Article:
† These authors contributed equally.
Academic Editor: Kazuhiro P. Izawa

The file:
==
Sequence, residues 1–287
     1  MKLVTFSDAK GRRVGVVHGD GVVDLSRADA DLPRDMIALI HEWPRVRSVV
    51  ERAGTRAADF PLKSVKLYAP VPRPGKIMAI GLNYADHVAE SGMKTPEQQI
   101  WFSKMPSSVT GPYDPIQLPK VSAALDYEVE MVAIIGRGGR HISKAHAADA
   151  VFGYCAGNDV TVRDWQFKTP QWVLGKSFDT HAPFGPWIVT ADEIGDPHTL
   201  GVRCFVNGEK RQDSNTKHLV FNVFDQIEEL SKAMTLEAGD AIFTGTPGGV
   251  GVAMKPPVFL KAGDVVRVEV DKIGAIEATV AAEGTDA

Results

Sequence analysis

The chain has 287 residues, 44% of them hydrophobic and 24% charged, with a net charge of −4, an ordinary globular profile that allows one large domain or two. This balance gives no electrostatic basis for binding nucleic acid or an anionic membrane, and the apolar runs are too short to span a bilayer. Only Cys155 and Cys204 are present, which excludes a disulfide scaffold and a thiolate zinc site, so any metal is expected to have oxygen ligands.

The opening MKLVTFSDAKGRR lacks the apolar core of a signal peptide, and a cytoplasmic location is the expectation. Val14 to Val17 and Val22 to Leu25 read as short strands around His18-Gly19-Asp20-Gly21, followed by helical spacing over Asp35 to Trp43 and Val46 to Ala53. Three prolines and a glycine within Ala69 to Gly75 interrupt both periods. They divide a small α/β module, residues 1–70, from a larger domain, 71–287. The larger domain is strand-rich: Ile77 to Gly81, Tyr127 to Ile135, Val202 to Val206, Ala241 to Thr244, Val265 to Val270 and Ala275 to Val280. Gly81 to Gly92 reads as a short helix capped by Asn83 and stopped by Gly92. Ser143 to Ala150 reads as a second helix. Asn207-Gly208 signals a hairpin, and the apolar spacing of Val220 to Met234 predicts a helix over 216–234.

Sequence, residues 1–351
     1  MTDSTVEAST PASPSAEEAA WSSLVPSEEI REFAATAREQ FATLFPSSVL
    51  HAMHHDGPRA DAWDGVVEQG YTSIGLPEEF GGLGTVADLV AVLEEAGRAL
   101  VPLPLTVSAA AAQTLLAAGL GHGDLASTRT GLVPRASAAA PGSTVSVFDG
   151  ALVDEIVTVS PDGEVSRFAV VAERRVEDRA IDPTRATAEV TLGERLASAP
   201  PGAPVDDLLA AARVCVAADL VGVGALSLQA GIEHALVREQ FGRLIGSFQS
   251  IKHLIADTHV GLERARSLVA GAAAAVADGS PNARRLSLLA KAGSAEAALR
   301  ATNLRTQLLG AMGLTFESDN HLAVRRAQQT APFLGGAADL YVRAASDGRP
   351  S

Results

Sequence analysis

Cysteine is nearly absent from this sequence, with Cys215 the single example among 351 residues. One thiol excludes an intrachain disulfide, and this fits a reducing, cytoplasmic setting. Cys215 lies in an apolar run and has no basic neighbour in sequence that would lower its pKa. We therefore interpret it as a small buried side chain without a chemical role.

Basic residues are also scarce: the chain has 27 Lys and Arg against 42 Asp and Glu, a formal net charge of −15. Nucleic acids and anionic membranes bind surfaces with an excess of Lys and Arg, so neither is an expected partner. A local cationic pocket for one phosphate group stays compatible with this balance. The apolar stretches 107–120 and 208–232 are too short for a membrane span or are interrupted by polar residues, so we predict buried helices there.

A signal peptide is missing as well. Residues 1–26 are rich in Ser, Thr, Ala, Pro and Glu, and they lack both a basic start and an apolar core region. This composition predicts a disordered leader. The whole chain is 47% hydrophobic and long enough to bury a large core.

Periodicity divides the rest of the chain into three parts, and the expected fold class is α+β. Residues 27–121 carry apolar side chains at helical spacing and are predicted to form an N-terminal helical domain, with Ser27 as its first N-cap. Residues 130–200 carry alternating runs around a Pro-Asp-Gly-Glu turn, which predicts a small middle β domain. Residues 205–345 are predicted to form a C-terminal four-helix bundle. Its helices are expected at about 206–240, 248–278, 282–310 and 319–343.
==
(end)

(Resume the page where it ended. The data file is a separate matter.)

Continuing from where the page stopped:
Exercise-based cardiac rehabilitation (CR) improves the clinical outcomes in patients with cardiovascular diseases. However, few data exist regarding the role of early short-term CR in patients undergoing pacemaker (PM) implantation. We assessed whether short-term CR following PM implantation was sufficient to improve both physical function and quality of life (QOL). A total of 27 patients with a 6-minute walking distance (6MWD) of less than 85% of the predicted value on the day following PM implantation were randomly assigned to either the CR group (n = 12, 44.4%) or the non-CR group (n = 15, 55.6%). The CR group involved individualized exercise-based training with moderate intensity for 4 weeks after PM implantation. Cardiopulmonary exercise test (CPET), 6MWD, muscle strength, and Short Form (SF)-36 were assessed at baseline and at the 4-week follow-up. After a mean follow-up period of 38.3 days, both groups showed significantly improved 6MWD. Peak oxygen uptake improved in both groups on CPET, but the difference was not statistically significant. Knee extension power and handgrip strength were similar in both groups. Regarding QOL, only the CR group showed improved SF-36 scores in the items of vitality and mental health. There was no difference in any subscale in the non-CR group. Neither lead dislodgement nor significant changes in PM parameters were observed in any patient. Early short-term CR following PM implantation was associated with improved psychological subscales and can be safely performed without increasing the risk of procedure-related complications.